news director resigns
Award-winning WYSO News Director Aileen LeBlanc has announced that shes
leaving the local National Public Radio station.
Im leaving because of problems with management, said
LeBlanc, who gave General Manager Steve Spencer her resignation on Sunday,
effective the end of the month. The decision was not made due to
one incident but a series of issues and problems.
She would not comment specifically about the problems.
LeBlanc, who lives in Yellow Springs and has worked for WYSO since 1999,
said that she has no other job possibilities at the moment.
The most important thing is that I love my work and my job here,
she said in an interview. But I cant continue to work in this
environment. Im going to miss it like crazy.
Antioch University Vice Chancellor Glenn Watts, who oversees the station,
said, Were very sorry Aileen has decided to leave us. Shes
done marvelous stories and has been a real asset. We will continue the
work shes begun.
Regarding LeBlancs assertion of difficulties with management, Watts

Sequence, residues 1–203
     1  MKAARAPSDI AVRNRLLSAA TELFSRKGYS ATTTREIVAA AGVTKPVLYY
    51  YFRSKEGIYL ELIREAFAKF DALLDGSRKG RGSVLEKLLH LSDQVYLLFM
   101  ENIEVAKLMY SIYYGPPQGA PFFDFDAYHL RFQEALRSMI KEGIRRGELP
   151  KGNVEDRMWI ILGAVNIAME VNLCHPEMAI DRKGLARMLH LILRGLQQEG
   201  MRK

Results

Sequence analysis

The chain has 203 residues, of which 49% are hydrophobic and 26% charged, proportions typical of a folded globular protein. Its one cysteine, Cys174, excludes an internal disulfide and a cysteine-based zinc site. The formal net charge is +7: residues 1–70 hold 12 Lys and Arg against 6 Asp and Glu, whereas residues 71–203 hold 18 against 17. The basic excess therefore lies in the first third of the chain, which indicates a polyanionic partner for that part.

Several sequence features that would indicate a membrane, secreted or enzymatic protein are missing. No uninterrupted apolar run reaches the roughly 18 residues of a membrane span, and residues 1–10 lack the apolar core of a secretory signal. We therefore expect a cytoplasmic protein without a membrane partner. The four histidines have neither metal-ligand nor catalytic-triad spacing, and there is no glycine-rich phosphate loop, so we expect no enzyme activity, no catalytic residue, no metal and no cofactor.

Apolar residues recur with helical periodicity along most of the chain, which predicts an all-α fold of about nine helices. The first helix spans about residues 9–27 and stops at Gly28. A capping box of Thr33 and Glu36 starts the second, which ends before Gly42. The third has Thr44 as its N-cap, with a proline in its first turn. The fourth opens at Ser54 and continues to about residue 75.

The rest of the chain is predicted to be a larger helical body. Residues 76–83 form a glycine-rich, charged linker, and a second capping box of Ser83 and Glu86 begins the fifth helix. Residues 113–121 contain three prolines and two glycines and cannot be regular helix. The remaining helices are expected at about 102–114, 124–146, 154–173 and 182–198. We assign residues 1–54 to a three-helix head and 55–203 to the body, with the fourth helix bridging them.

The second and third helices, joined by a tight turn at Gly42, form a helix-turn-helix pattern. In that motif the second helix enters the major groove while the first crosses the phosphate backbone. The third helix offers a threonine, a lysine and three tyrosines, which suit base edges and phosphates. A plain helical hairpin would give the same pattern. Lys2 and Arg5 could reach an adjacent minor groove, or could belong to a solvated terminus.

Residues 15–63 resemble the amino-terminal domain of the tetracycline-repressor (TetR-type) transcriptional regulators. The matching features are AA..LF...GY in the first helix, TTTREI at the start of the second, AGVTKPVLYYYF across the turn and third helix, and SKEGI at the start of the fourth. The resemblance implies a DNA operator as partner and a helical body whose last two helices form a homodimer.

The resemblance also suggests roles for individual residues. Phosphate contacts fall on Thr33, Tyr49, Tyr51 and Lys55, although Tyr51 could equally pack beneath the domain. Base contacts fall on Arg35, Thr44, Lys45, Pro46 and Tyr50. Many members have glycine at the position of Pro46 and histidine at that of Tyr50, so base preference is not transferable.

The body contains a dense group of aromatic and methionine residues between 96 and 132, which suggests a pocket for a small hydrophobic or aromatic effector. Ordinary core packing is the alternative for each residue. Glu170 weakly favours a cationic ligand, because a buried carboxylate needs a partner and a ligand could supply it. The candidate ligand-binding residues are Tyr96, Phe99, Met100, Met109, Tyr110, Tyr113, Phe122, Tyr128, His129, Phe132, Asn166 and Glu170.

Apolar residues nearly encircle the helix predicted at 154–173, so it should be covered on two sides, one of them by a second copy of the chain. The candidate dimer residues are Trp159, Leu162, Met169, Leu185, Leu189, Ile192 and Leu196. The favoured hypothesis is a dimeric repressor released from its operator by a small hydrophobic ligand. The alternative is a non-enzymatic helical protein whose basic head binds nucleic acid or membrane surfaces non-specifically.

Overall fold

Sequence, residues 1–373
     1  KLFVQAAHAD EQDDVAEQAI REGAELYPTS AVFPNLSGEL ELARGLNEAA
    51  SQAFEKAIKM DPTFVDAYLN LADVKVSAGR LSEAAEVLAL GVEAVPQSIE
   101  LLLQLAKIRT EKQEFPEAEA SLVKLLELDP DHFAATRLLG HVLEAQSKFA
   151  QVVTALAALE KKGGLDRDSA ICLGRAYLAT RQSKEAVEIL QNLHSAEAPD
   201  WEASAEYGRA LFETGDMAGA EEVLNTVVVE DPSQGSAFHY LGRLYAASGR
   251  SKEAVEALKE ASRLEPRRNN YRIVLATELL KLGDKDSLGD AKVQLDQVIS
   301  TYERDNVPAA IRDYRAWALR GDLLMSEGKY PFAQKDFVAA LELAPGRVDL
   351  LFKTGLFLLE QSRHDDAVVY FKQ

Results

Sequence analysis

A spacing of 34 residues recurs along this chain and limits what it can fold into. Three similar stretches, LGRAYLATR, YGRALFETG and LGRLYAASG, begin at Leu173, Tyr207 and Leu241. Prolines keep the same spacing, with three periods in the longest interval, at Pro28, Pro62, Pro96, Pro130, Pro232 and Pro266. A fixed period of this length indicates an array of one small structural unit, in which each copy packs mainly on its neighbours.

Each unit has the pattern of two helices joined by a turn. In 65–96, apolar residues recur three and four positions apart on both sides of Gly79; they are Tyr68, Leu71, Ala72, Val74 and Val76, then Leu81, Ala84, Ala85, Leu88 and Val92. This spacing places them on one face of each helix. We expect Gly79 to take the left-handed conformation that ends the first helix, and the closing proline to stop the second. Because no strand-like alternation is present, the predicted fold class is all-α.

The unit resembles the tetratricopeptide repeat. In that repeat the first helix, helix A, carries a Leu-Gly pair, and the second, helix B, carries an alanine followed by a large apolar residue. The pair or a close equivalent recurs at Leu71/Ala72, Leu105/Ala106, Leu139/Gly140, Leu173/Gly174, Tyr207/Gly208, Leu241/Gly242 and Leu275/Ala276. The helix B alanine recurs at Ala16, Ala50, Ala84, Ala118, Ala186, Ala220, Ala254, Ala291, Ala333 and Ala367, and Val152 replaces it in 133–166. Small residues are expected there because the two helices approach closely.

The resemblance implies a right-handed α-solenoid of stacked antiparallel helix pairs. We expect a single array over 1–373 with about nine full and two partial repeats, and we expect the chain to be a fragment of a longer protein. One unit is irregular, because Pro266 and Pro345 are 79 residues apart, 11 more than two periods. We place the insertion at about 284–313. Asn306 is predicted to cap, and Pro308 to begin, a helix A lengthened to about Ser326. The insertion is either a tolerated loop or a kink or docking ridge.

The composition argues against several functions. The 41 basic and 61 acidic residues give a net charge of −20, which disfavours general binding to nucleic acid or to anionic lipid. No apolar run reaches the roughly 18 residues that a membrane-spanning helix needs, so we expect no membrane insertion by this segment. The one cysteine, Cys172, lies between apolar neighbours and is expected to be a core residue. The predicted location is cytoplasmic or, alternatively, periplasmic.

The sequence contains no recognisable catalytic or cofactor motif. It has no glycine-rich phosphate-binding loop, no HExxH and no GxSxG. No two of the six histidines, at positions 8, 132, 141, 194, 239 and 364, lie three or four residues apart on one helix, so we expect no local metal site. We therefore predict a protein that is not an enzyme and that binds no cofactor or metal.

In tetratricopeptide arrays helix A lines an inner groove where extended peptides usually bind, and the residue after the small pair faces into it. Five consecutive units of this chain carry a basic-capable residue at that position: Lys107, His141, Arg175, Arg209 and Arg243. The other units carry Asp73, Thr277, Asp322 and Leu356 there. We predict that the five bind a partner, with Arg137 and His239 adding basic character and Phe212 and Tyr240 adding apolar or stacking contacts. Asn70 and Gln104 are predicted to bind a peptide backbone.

said, Thats a personnel matter and I cant speak to that.
Spencer did not return phone calls seeking comments for this article.
In Mondays Dayton Daily News, he said, The station was informed
yesterday that its news director Aileen LeBlanc will be leaving the staff
at the end of this month. The station today commenced a nationwide search
for her replacement.
LeBlanc and her local news program, Sounds Local, which airs
Fridays at 6 p.m. and Saturdays at 7:30 a.m., have won a bevy of broadcasting
awards this year alone. For the third year in a row, Sounds Local
was named the best weekly news program in a national competition sponsored
by the Public Radio News Directors Incorporated, or PRNDI. Individual
Sounds Local segments took first place for best hard feature
and for enterprise. LeBlanc was awarded second place by the organization
for her commentary following the Sept. 11 tragedy.
This year Sounds Local also won first place for public affairs
programming from the Ohio Society for Professional Journalism, which awarded
individual segments of the show first place for social justice reporting
and for coverage of minority issues.
The Ohio Educational Telecommunications Association recognized LeBlanc
as Producer of the Year in 2001. The group also awarded Sounds Local
first place as Program of the Year and as the best weekly arts and cultural
This is a great loss for the station, said Steve Bogner of
Keep WYSO Local, a group of WYSO supporters who have worked to restore
local volunteer-hosted programming that Spencer removed last spring. The
group has also expressed concern over decision-making and management styles
This seems to be part of WYSO managements pattern of treating
people with disrespect and attempting to silence dissenting voices,
Bognar said. Our great fear is that the station will continue to
lose good people.